Here’s another post from Matt Hinsley, director of the Austin Classical Guitar Society and major promoter of guitar education for children, in which he talks about another great proponent of youth guitar education, Matt Denman. I met Matt Denman at GFA in Austin a couple years ago and he is indeed one of the people to watch.

Oklahoma City All-City Guitar

Friday, February 3, 2012

We’re walking down the hall in the music building of Southern Nazarene University  (SNU) the morning after Oklahoma City’s first-ever All City Guitar Festival and Matt Denman turns to me and asks: “do you want to meet the chair of our music department?”  I say “sure”, and we take a right, walk past a smiling receptionist, and enter the chair’s office.  I’ve met many chairs, of many kinds of departments, over the years, but I wasn’t expecting her to stand up smiling, with outstretched hand, and say to me: “that was a terrific concert last night, I don’t know how you fit all those kids on stage, but they sure played beautifully.”

Matt is professor of guitar at SNU, but he also runs the premiere high school guitar program in Oklahoma (Classen School for Advanced Studies, CSAS). SNU graciously hosted All City Guitar the night before, a high school function, and I guess I was pleasantly surprised that the chair of the music department had taken the time to attend.

She went on to say: “I’m delighted to meet you, Dr. Hinsley, and I want to say what a pleasure it was to see Austin Pictures last October – it was inspiring how you combined the kids with the music, art and film that evening…”

That’s right, Matt’s University music department chair had traveled from Oklahoma City to Austin in October, to see something his high school students were participating in.  An even bigger surprise.

And then it hit me, as it so often has in the past: we’re talking about Matt Denman here.  Though he would argue the point with me, and remind of his many struggles, and the countless times that things don’t go as planned, the fact is that Matt Denman inspires people.  Matt has a magnetism brought about, I think, by his sheer passion to provide the greatest opportunities he can for the young people of Oklahoma.

It’s been remarkable to watch the CSAS program grow and thrive these last five years since I first met Matt.  I’ve watched him bring his students to Dr. Michael Quantz’s annual Brownsville Festival every year, watched him bring his students to Austin for things like Austin Pictures and our annual Guitars Galore Festival.  Every time I am in OKC, or see his students at a festival, the general level is somehow even higher than it was before.  I’ve watched as his energy and direct advocacy has brought about rapid growth of new guitar programs (and new jobs for guitar players) in other Oklahoma City high schools.  Matt’s students are attending major music conservatories, and he has even brought about an annual retreat with the Romeros for Oklahoma.

I think there is a lesson in all of this (more than one, no doubt!).  Matt’s SNU chair was not the only surprising visitor at Austin Pictures last October.  Before the show, which played to close to 2,000, we had a special school district reception on one of the mezzanines.  I ducked my head in and immediately saw the Director of Fine Arts for the Oklahoma City School District.  On a prior trip to OKC, Matt had taken me to lunch with her – so we knew each other.  It turns out that she, also, had decided to make the 390-mile trip to Austin with Matt to see the show his kids were participating in!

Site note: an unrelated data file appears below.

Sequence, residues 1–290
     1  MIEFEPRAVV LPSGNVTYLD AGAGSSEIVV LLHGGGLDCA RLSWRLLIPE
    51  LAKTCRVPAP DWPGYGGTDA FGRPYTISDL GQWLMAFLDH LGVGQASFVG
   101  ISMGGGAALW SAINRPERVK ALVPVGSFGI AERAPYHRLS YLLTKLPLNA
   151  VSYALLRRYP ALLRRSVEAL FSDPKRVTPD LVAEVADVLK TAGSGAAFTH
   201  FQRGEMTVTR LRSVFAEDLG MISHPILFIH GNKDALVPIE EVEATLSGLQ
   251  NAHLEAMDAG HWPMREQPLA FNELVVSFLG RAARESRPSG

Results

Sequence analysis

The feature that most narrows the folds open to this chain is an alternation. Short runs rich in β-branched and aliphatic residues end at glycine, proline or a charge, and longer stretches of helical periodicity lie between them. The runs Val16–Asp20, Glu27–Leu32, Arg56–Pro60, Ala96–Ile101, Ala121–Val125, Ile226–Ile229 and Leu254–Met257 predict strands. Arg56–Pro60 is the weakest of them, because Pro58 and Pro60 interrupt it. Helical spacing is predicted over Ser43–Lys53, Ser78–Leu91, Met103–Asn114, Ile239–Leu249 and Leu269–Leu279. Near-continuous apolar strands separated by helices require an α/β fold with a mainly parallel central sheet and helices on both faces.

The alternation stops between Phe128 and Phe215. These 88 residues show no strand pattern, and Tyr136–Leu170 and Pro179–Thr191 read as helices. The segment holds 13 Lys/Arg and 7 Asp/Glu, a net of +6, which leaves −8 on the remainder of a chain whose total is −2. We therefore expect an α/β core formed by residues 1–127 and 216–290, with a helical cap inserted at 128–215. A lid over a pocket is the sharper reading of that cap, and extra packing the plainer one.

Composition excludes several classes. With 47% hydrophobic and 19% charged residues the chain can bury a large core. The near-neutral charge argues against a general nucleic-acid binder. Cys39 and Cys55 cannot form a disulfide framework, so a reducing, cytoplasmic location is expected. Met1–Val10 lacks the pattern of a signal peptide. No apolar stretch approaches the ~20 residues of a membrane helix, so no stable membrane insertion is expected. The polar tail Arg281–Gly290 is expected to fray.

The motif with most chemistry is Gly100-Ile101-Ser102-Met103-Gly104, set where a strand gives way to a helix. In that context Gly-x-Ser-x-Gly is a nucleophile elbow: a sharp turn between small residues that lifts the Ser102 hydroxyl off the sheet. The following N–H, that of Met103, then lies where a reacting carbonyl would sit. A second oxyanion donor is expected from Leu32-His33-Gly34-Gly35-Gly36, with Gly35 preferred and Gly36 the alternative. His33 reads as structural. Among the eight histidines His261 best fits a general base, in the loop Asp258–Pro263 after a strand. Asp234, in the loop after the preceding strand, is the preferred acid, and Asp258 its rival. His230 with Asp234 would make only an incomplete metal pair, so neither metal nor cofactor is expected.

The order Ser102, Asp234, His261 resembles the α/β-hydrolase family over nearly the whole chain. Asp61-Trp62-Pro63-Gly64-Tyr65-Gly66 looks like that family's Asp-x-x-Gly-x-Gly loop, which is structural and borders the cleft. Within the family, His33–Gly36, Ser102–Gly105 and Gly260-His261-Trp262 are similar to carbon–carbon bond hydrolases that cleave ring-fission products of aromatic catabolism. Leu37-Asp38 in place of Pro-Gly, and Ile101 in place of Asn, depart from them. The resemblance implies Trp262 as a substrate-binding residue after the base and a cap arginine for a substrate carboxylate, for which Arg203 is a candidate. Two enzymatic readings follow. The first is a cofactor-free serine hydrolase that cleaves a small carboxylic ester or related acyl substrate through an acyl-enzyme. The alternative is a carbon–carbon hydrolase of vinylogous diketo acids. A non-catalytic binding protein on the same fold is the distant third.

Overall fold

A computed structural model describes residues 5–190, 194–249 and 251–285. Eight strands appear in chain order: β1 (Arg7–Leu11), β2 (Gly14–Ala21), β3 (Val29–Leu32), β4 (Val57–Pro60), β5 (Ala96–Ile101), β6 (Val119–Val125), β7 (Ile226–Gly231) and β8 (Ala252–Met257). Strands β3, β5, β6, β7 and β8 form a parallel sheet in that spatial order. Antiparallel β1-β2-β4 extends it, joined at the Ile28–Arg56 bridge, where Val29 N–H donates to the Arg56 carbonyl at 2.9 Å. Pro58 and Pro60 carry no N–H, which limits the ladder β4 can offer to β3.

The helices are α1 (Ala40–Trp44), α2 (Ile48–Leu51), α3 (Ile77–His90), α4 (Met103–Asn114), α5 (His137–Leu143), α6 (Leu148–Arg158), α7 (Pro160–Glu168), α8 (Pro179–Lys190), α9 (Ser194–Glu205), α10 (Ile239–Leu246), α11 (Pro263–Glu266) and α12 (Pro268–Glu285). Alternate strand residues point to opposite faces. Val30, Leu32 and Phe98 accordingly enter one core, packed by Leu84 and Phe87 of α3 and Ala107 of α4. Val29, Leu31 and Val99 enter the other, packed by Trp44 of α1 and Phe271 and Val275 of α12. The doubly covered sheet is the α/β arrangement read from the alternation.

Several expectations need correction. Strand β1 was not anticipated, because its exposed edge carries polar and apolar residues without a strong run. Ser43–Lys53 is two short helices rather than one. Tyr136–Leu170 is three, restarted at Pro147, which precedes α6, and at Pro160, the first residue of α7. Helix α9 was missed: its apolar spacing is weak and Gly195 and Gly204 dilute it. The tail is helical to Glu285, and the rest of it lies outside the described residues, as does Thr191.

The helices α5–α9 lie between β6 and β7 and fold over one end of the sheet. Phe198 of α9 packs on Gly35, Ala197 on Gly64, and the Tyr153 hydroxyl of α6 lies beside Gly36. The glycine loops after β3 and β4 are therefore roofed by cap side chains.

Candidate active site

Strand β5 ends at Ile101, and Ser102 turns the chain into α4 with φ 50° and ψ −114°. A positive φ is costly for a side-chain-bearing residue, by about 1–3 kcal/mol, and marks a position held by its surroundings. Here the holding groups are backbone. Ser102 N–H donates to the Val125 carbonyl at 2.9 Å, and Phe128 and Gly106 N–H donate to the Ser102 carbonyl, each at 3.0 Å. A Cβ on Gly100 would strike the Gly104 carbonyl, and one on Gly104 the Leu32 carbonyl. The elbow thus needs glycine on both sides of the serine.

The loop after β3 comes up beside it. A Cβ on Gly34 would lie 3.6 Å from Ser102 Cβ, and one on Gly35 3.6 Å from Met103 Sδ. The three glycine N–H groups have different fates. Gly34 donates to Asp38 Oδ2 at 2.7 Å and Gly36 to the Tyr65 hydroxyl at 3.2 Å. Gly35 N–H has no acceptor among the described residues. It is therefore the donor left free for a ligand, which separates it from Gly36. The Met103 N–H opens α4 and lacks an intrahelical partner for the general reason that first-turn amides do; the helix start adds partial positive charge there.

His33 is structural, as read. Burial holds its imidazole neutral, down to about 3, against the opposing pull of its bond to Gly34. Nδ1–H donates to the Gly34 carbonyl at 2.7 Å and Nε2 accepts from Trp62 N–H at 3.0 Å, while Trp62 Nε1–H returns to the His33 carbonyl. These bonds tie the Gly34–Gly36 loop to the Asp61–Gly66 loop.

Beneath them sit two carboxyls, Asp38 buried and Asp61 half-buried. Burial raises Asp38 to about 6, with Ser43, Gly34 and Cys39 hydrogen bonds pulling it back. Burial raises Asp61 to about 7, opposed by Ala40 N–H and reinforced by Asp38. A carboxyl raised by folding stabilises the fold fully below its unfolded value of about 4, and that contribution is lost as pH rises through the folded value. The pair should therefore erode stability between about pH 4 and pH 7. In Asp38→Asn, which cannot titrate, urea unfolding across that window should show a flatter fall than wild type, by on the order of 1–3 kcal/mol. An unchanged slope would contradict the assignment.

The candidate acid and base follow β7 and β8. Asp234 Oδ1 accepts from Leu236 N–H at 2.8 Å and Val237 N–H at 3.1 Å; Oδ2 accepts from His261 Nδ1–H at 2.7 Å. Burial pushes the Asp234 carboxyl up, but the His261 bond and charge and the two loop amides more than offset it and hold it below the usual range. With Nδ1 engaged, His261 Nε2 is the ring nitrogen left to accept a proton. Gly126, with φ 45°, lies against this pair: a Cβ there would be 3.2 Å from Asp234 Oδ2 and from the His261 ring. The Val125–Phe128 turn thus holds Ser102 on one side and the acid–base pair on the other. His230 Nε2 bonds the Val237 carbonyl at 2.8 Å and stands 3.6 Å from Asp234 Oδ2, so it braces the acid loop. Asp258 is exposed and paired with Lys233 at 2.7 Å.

So what’s the lesson?  Matt invites people to join him.  He asks people to be on his team.  He welcomes them with a smile, and with humility that belies his many accomplishments.  Matt makes positive things happen, and inspires people around him to help.  The lesson, perhaps, is that we are stronger when our community supports us.  Matt engenders good will by his actions and his words, and through consistent hard work and genuine warmth, he has brought members of his community together for his cause.  I hope to learn from him, and I hope many others have the opportunity to do the same.

A reflection by Matthew Hinsley

Austin Classical Guitar Society


Dr. Matthew Hinsley is the Executive Director of the Austin Classical Guitar Society.  A graduate of the Oberlin Conservatory of Music and the University of Texas at Austin, Hinsley has published two books: Classical Guitar for Young People, and, Creativity to Community: Arts nonprofit Success One Coffee at a Time.

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2 Responses to “Matt Hinsley – Reaching Out”

  1. Yaakov Hoter says:

    Its always been a pleasure to be in there and see different kinds of guitar and even more when he met the chair of our music department. How I also wish to be close to him and have a chance to join in his team.

  2. I just couldn’t go away your site before suggesting that I really loved the standard information an individual provide to your guests? Is going to be again regularly to investigate cross-check new posts.


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